F.E.A.S.T's Around The Dinner Table forum

Welcome to F.E.A.S.T's Around The Dinner Table forum. This is a free service provided for parents of those suffering from eating disorders. It is moderated by kind, experienced, parent caregivers trained to guide you in how to use the forum and how to find resources to help you support your family member. This forum is for parents of patients with all eating disorder diagnoses, all ages, around the world.

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Heidimg
How do you get through this!!!!
my daughter was diagnosed with A over 4 months ago , we go to CAMHS eating disorder team every week.
shes 17 and I have to watch her 24/7 then found out she left school yesterday am , went home got changed and went running!!!
i left her at school thinking she was safe !!!
waiting for school and CAMHS to get back to me!

i can’t see a end to this dark lonely tunnel !! 
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hardwork
hello Heidimg

i can only offer sympathy and virtual hug and tea or gin ( depends on your preference) 
I would be contacting school and asking how this happened, though i am guessing she is in 6th form and most of them have free access , not like younger teens.

Have you got any weight on your d ? if not you may have to think of taking her out of school and keeping her home.
But i do know that is very difficult, if you work etc etc.

could you take some leave ? tag team days off with her father or anyone else in family able to supervise ?
though i imagine you have thought of this already.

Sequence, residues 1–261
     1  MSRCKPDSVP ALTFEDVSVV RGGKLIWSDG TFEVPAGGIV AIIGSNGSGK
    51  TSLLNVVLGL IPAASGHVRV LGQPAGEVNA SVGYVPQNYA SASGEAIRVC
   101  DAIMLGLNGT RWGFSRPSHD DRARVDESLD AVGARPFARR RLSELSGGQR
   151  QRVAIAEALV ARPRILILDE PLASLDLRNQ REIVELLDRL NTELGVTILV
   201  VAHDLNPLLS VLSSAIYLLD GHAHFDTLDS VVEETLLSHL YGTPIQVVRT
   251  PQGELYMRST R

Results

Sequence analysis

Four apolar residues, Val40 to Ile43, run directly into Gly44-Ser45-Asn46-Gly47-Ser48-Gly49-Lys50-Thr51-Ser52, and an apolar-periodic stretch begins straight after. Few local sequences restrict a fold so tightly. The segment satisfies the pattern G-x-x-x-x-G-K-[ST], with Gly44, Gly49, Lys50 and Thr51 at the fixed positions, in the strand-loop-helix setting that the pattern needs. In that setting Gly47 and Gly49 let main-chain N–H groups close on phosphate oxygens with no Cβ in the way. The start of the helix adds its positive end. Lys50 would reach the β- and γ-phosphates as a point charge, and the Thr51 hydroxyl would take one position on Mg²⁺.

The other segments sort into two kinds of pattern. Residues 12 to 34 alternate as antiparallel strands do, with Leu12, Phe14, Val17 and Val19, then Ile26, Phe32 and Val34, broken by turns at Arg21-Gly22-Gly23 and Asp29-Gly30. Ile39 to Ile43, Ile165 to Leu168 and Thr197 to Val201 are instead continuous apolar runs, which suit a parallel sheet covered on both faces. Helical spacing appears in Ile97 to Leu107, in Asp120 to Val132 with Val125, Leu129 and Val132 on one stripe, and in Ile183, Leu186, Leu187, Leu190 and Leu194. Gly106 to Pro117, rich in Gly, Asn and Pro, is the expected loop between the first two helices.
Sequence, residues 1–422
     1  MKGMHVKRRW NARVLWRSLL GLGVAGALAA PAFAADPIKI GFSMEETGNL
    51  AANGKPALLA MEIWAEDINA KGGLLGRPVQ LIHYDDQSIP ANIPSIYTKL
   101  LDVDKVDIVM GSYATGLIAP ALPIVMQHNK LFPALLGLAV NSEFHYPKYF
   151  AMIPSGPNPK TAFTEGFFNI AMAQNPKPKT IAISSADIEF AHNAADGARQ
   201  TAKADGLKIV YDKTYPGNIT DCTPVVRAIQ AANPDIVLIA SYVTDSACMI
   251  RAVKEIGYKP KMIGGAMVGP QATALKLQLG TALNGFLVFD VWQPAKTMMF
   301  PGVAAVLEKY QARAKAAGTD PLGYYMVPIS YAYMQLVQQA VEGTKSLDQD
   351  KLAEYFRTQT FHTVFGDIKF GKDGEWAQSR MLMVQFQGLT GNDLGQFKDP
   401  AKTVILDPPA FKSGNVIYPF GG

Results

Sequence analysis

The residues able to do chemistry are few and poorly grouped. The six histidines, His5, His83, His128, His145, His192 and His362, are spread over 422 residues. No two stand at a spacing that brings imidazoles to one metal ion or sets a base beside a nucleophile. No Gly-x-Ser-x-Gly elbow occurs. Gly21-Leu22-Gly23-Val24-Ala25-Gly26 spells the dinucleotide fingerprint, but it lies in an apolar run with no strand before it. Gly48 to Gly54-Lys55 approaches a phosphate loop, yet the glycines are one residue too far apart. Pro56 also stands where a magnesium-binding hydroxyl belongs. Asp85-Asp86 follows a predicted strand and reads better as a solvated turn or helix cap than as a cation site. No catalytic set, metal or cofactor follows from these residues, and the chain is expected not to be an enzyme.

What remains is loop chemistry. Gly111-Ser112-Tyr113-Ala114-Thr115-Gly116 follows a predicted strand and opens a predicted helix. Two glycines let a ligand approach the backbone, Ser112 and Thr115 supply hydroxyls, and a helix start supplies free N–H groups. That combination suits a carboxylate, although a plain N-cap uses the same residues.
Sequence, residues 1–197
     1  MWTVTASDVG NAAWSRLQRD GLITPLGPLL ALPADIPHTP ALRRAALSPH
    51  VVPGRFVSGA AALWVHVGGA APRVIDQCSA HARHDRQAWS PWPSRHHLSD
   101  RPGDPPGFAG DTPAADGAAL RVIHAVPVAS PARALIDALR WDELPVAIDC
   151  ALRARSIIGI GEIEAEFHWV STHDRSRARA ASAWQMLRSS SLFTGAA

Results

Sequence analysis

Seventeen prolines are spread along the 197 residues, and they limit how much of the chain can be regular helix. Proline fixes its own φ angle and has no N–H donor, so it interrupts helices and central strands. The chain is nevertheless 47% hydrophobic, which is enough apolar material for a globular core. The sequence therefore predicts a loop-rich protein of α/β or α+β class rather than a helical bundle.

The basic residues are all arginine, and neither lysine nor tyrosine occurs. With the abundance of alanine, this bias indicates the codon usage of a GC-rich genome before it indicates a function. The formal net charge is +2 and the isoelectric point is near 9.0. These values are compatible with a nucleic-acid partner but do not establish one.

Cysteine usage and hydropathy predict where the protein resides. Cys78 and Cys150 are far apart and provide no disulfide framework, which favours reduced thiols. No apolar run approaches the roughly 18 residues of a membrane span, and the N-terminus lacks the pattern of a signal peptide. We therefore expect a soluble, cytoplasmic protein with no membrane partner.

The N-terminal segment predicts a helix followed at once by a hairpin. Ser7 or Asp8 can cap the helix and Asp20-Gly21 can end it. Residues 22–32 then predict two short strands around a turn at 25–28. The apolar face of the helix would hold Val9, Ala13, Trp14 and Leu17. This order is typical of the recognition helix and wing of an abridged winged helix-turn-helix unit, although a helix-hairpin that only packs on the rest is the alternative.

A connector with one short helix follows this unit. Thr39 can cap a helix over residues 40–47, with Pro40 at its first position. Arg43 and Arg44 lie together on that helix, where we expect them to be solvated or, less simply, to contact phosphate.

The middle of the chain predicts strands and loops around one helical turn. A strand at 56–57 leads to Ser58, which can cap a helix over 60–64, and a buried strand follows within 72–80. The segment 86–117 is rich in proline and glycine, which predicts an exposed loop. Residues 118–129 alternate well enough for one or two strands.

Most on the forum have had children out of school and under 24/7 watch for long periods, using going into school as a motivator to eat and recover.

if your d is not gaining and ED is still very strong then have cahms discussed IP care with you ?
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hardwork
if you do pull her out of school your local social services and education authority have a legal requirement to provide education to her , this would be a home tutor system,
my d is currently in IP care and gets school there, but when she is discharged and not back in fulltime school we are having 'hospital school' which is tutors coming to the house, provided by local social care, and this is despite my d being in private education.
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hardwork
and yes it feels a very terrifying, lonely tunnel . I recognise those feelings, and i am sure lots of people will be along shortly to reassure you , you are not alone. YOU ARE NOT ALONE, i still cry most days, and use running to manage my anxiety around my d , i cry and run at the same time. 
It is very important to find something, even if it is as simple as a bath every night for 10 mins where you can just let yourself fall apart.
Many people have counselling, or anti-depressants, there is no shame in that at all.
it is not a marathon, it is the bloody marathon de sables
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ValentinaGermania
Take away her sports clothes and shoes for first aid. How did she leave school? Did the lessons end earlier or did she just miss them? Then this should have consequences from school, too. I hope you can close that loophole soon. It is not your fault, they are very tricky at that state.
Keep feeding. There is light at the end of the tunnel.
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sk8r31
Welcome Heidimg, though sorry you have a need to be here.  And ED is a terrifying illness, and knocks us all over, especially in the early days.  Hardwork has given you some good advice, appropriate to the U.K.
You may need to take her out of school as mentioned if you are able to sort some time off work.  With a fairly recent diagnosis, you'd be well advised to 'hit things hard' and really try to get your d nutritionally rehabilitated in as short a time as is possible.  Getting her back to her historic weight curve, and staying there for at least 6-12 months should help with mood and state.